Eliyahu at Chorev


Prophet in Crisis

Melakhim I 18 ends with Eliyahu's victory over the Baal prophets at Mt. Carmel.  The reader expects Eliyahu to be jubilant at his success at bringing the people back to God.  Yet, in Melakhim I 19, Eliyahu is a portrait of despair. As he flees from the queen, he requests that Hashem take his life. He subsequently turns to Hashem and complains that the Children of Israel have forsaken His covenant:


וַיֹּאמֶר קַנֹּא קִנֵּאתִי לַי"י אֱלֹהֵי צְבָאוֹת כִּי עָזְבוּ בְרִיתְךָ בְּנֵי יִשְׂרָאֵל אֶת מִזְבְּחֹתֶיךָ הָרָסוּ וְאֶת נְבִיאֶיךָ הָרְגוּ בֶחָרֶב וָאִוָּתֵר אֲנִי לְבַדִּי וַיְבַקְשׁוּ אֶת נַפְשִׁי לְקַחְתָּהּ.

And he said: 'I have been very jealous for the Lord, the God of hosts; for the children of Israel have forsaken Thy covenant, thrown down Thine altars, and slain Thy prophets with the sword; and I, even I only, am left; and they seek my life, to take it away.'

Considering that the last words said by the people on Mt. Carmel were, "י"י הוּא הָאֱלֹהִים", one wonders from where this complaint is coming.  Is there any evidence in the text that the nation had reverted to idolatry between the last chapter and this one?  Regardless, what is the intent behind Eliyahu's words?  Is he simply venting his frustration to Hashem, or is there some implied request in his rant? If the latter, what is it that Eliyahu is asking Hashem to do?

The Revelation

In response to Eliyahu's words, Hashem reveals Himself to the prophet:


(יא) וַיֹּאמֶר צֵא וְעָמַדְתָּ בָהָר לִפְנֵי י"י וְהִנֵּה י"י עֹבֵר וְרוּחַ גְּדוֹלָה וְחָזָק מְפָרֵק הָרִים וּמְשַׁבֵּר סְלָעִים לִפְנֵי י"י לֹא בָרוּחַ י"י וְאַחַר הָרוּחַ רַעַשׁ לֹא בָרַעַשׁ י"י. (יב) וְאַחַר הָרַעַשׁ אֵשׁ לֹא בָאֵשׁ י"י וְאַחַר הָאֵשׁ קוֹל דְּמָמָה דַקָּה.

(11) And He said: 'Go forth, and stand upon the mount before the Lord.' And, behold, the Lord passed by, and a great and strong wind rent the mountains, and broke in pieces the rocks before the Lord; but the Lord was not in the wind; and after the wind an earthquake; but the Lord was not in the earthquake; (12) and after the earthquake a fire; but the Lord was not in the fire; and after the fire a still small voice.

What is the meaning of this revelation?  What do the wind, earthquake, and fire all represent? Why is it emphasized that Hashem was not found in these forces of nature, and what is to be learned from the contrast to the "small still voice"? Finally, how does this revelation constitute a response to Eliyahu?  Is Hashem agreeing or disagreeing with him?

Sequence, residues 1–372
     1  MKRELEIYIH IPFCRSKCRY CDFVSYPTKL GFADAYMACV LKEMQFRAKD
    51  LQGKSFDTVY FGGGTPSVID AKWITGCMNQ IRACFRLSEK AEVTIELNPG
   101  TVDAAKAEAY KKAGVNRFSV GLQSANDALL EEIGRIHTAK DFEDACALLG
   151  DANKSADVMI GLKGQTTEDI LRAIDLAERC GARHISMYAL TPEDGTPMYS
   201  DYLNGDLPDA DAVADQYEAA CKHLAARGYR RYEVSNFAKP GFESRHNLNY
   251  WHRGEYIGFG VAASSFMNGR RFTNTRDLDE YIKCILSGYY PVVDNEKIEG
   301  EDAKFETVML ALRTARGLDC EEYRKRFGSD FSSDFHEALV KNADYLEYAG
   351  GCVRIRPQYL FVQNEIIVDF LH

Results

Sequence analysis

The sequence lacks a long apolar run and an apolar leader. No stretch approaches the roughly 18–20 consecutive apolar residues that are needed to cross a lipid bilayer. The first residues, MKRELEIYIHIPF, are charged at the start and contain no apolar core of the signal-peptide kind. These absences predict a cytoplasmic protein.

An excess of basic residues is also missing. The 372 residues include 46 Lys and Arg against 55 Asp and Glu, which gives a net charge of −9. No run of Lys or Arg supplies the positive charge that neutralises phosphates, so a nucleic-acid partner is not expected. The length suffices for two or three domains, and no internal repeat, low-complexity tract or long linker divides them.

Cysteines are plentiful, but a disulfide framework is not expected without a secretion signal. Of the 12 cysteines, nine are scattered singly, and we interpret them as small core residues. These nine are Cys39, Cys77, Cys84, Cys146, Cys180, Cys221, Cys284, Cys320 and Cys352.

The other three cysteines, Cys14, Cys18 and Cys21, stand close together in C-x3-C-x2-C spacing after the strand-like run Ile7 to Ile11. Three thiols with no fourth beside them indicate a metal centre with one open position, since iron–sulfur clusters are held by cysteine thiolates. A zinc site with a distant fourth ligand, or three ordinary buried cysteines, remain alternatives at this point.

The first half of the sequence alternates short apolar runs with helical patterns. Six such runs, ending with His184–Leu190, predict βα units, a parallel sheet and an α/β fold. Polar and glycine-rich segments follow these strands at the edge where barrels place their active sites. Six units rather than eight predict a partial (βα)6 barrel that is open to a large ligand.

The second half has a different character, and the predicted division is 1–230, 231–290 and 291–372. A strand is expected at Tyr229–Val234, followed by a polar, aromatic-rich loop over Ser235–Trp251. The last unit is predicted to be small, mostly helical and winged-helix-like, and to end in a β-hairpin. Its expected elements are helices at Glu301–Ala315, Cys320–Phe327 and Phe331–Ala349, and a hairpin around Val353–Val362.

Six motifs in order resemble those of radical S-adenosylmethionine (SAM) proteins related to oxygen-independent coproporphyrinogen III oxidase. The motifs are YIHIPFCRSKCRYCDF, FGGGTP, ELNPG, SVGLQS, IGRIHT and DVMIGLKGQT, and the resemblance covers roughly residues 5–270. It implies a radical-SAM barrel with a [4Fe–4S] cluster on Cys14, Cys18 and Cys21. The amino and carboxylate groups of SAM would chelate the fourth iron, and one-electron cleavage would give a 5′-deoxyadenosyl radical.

"קַנֹּא קִנֵּאתִי" Take 2

Somewhat surprisingly, after Hashem's revelation, He and Eliyahu have exactly the same conversation that they had previously.  Hashem repeats, "מַה לְּךָ פֹה אֵלִיָּהוּ" and Eliyahu responds, as before, "קַנֹּא קִנֵּאתִי".  Why are the two repeating themselves?  How is each response a reaction to the revelation and the message that Hashem was trying to express through it?

After this initial conversation, Hashem conveys a triple directive to Eliyahu that he should anoint: Chazael as king over Aram, Yehu as king in Israel, and Elisha to be the next prophet. He adds that, together, these three will decimate Israel, leaving alive just the righteous remnant which had not worshiped idolatry.  How do these commands relate to the earlier discussion between Eliyahu and Hashem? Do they provide an explanation for the revelation,1 or are they a separate response to Eliyahu's complaint?

Additional Questions

  • Chorev – Is there any significance to the fact that the revelation occurs in Sinai?  Did Eliyahu head there of his own initiative, or did Hashem lead him there?  If the latter, why does Hashem open his conversation with the question, "מַה לְּךָ פֹה אֵלִיָּהוּ"?
  • Parallels to Moshe at Sinai – Our story shares much in common with Hashem's revelation to Moshe at Sinai in the aftermath of the Sin of the Golden Calf.  Both events follow a national revelation which appears insufficient to keep the nation from reverting to idolatry, leading the prophet to approach Hashem and request death.  In both, there is a forty day period without food, revelation, and covering of the face.2 What is the significance of these parallels?
  • Fulfillment of mission – Though Hashem entrusts Eliyahu with three tasks, he fulfills only one of them, the appointment of Elisha. Chazael and Yehu are anointed by Elisha only after Eliyahu's death.  Why does Eliyahu not fulfill the entire mission assigned to him?